Ars Poetica welcomes swordsman-poet Joshua McKinney
Contact: David Axelrod | Ars Poetica Lecture Series at EOU
541-962-3585 | firstname.lastname@example.org
April 18, 2013
LA GRANDE, Ore. (EOU) - Hear visiting poet and student of the Eastern sword Joshua McKinney read from his new collection “Mad Cursive,” Thursday, Apr. 25 in the Pierce Library Reference Room at EOU.
The reading starts at 7:30 p.m. and is free and open to the public. A book signing will follow.
“Mad Cursive” is McKinney’s third collection of poetry published in 2012. Called “truly courageous” and “elegant” by Claudia Keelan, author of “Missing Her,” the book explores the line between beauty and destruction.
D.A. Powell, author of “Useless Landscape,” says of the collection, “McKinney’s gentle-edged Taoist generosity is exceedingly redemptive, assuring, pointing us skyward and crying, ‘look.’ Here is a poet who has earned the title of ‘master.’”
McKinney sees his poetry and swordsmanship as parallel disciplines, each concerned primarily with “beauty and the asymptomatic perfection of spirit.” Born in Iowa, he spent much of his early life in California. After completing his master’s in the teaching of writing, he moved to Japan to study kendo and East Asian swordsmanship. During that time he taught conversational English to cover his living expenses.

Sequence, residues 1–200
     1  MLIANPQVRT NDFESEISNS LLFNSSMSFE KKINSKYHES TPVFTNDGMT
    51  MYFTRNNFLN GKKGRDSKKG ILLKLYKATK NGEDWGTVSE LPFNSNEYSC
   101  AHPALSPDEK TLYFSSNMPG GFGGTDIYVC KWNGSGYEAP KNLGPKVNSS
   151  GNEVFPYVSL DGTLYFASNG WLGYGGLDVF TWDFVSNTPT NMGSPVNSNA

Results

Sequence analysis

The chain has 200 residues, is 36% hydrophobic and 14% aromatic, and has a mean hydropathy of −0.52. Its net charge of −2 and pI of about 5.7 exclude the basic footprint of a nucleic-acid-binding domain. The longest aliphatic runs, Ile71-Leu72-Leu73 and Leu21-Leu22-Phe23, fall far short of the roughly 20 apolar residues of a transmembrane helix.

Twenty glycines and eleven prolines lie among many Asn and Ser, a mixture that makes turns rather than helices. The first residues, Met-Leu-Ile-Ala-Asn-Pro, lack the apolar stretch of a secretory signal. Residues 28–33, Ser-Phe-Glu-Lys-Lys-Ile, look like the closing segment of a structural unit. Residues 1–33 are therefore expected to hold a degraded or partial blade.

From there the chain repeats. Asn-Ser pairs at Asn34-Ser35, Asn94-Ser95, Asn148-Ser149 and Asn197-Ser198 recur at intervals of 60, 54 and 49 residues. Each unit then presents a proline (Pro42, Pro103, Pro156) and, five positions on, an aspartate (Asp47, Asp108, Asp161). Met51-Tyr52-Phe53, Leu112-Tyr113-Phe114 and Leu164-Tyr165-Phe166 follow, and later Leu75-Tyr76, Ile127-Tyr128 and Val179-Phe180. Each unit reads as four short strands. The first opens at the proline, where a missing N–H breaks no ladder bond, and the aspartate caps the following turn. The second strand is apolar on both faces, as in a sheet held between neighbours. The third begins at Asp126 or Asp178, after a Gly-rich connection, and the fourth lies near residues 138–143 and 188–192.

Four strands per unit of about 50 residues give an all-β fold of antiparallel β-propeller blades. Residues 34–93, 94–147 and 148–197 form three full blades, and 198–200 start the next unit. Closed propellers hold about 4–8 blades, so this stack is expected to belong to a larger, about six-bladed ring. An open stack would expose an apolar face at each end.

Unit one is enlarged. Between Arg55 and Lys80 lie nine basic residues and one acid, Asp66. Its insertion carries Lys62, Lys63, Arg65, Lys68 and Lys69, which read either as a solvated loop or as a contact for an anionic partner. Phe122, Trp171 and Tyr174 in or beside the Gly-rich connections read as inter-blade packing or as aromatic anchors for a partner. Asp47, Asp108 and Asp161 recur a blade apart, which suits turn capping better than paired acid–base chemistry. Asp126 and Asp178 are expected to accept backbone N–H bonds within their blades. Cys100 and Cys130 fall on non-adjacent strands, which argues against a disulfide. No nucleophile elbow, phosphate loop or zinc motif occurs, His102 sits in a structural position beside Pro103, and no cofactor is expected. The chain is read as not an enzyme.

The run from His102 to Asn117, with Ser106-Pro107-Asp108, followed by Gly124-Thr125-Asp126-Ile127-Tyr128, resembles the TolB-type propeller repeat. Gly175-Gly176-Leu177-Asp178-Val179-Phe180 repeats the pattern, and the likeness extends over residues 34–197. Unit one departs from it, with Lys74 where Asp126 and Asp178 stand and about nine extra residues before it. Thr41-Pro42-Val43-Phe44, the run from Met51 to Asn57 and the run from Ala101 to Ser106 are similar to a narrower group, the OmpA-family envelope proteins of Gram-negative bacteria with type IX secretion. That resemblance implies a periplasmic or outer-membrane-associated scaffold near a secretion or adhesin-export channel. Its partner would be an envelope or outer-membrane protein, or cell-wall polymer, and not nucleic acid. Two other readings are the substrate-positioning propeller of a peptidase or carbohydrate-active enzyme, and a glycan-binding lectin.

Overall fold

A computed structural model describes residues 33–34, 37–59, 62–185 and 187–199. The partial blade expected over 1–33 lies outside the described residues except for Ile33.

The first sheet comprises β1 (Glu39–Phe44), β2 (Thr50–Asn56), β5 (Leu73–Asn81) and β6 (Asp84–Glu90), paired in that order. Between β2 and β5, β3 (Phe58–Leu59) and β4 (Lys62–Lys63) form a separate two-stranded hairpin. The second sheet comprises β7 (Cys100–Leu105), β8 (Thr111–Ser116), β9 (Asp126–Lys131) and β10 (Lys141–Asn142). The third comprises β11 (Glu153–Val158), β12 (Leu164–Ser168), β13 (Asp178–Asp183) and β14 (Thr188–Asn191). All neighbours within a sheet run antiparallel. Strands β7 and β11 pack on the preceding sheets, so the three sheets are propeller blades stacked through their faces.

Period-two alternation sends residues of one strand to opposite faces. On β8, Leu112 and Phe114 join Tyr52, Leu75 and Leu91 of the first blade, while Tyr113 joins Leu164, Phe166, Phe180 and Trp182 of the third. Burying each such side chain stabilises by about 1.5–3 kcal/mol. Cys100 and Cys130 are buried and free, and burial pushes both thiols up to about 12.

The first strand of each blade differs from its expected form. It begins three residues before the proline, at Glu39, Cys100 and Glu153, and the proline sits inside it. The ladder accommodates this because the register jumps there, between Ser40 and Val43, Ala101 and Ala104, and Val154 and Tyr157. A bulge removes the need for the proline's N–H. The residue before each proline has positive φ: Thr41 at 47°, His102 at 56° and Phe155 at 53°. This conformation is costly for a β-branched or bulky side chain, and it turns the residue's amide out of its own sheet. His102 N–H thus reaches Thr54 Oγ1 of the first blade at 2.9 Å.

Currently he is a professor of English at California State University in Sacramento, teaching literature and creative writing, and serving as creative writing coordinator.
McKinney’s two previous books of poetry, “Saunter” and “The Novice Mourner,” brought him acclaim as co-winner of the University of Georgia Press Poetry Series Open Competition in 2002, and recipient of the Dorothy Brunsman Poetry Prize in 2005. Other honors include The Dickinson Poetry Prize and a Gertrude Stein Award for Innovative American Writing. He is also a four-time Pushcart Prize nominee.
McKinney’s poems have appeared in over 100 national journals such as “American Letters & Commentary,” “Boulevard,” “Colorado Review,” “Ploughshares” and “Prairie Schooner.”